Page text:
All those conditions are quite different. Your reference implementation only handles the latter (cur == prev), it doesn't check for nil, let alone "queue is empty".

You actually need two blocks: one to calculate the next value and another one to determine whether the loop should end.

An infinite sequence seems to make more sense.

#3 [ruby-core:85264] Updated by zverok (Victor Shepelev) 21 days ago

All those conditions are quite different.

Well, you can say that next page fetching "converges" up to "no more pages left" (which in some APIs represented by infinite repetition of the same page, while in other with an empty page), and job queue "converges" to empty queue.

But the more I think about it, the more I feel like just "infinite sequence" would be quite enough. You can make the "converger" or anything from the infinite enumerator, with take_while and other nice Enumerable stuff.

#4 [ruby-core:85276] Updated by shan (Shannon Skipper) 20 days ago

I found it really interesting to compare Object#converge with an Object#unfold based on Elixir's Stream.unfold/2. Here's my Ruby implementation:

class Object
  def unfold
    Enumerator.new do |yielder|
      next_acc = self

      until next_acc.nil?
        element, next_acc = yield next_acc
        yielder << element
      end
    end
  end
end

Comparing examples, when it's converging, #converge really shines.

1.0.converge { |x| (x + 2 / x) / 2 }.to_a.last
#=> 1.414213562373095

1.0.unfold { |x| next_x = (x + 2 / x) / 2; [x, (next_x unless x == next_x)] }.to_a.last
#=> 1.414213562373095

When the return value isn't mapped at all, #converge is also simpler.

2.converge { |x| x ** 2 }.take(4)
#=> [2, 4, 16, 256]

2.unfold { |x| [x, x ** 2] }.take(4)
#=> [2, 4, 16, 256]

When it's unfolding, #unfold shines.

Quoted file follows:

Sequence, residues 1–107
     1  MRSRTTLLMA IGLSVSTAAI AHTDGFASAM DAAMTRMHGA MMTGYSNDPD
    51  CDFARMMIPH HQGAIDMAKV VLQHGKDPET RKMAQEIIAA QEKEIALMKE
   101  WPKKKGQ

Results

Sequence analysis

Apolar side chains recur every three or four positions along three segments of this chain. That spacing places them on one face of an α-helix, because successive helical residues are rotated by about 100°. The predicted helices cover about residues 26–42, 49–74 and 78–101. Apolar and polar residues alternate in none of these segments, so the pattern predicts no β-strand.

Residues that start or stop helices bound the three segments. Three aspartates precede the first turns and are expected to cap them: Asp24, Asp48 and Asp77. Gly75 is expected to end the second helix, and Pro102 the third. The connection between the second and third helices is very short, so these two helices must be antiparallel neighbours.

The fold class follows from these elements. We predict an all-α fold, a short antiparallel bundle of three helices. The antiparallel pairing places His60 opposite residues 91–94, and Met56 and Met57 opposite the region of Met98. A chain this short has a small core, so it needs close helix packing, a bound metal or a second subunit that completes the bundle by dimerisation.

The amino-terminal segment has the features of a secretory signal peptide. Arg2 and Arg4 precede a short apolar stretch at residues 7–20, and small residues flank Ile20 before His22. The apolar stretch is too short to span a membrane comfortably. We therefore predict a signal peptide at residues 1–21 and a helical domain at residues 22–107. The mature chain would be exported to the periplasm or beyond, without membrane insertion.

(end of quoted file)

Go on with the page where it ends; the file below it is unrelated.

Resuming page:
[0, 1].converge { |f0, f1| [f1, f0 + f1] }.take(10).map(&:first)
#=> [0, 1, 1, 2, 3, 5, 8, 13, 21, 34]

[0, 1].unfold { |f0, f1| [f0, [f1, f0 + f1]] }.take(10)
#=> [0, 1, 1, 2, 3, 5, 8, 13, 21, 34]

I'm intrigued by this proposal.

#5 [ruby-core:85285] Updated by zverok (Victor Shepelev) 20 days ago

BTW, just infinite enumerator is converted to "converger" without lot of problems:

class Object
  def iterate(&block)
    Enumerator.new { |y|
      prev = self
      y << self
      loop do
        cur = block.call(prev)
        y << cur
        prev = cur
      end
    }.lazy
  end
end

p 1.0.iterate { |x| (x + 2 / x) / 2 }.each_cons(2).take_while { |prev, cur| prev != cur }.force.last.last

So, "just lazy infinite sequence" is probably the way to go.

#6 [ruby-core:85321] Updated by sos4nt (Stefan Schüßler) 19 days ago

Maybe it could be as simple as:

class Object
  def iterate
    Enumerator.new { |y|
      obj = self
      loop do
        y << obj
        obj = yield obj
      end
    }
  end
end

1.0.iterate { |x| (x + 2 / x) / 2 }.slice_when(&:==).first.last
#=> 1.414213562373095

#7 [ruby-core:85323] Updated by zverok (Victor Shepelev) 19 days ago

1.0.iterate { |x| (x + 2 / x) / 2 }.slice_when(&:==).first.last
#=> 1.414213562373095

( ͡° ͜ʖ ͡°)
Nice.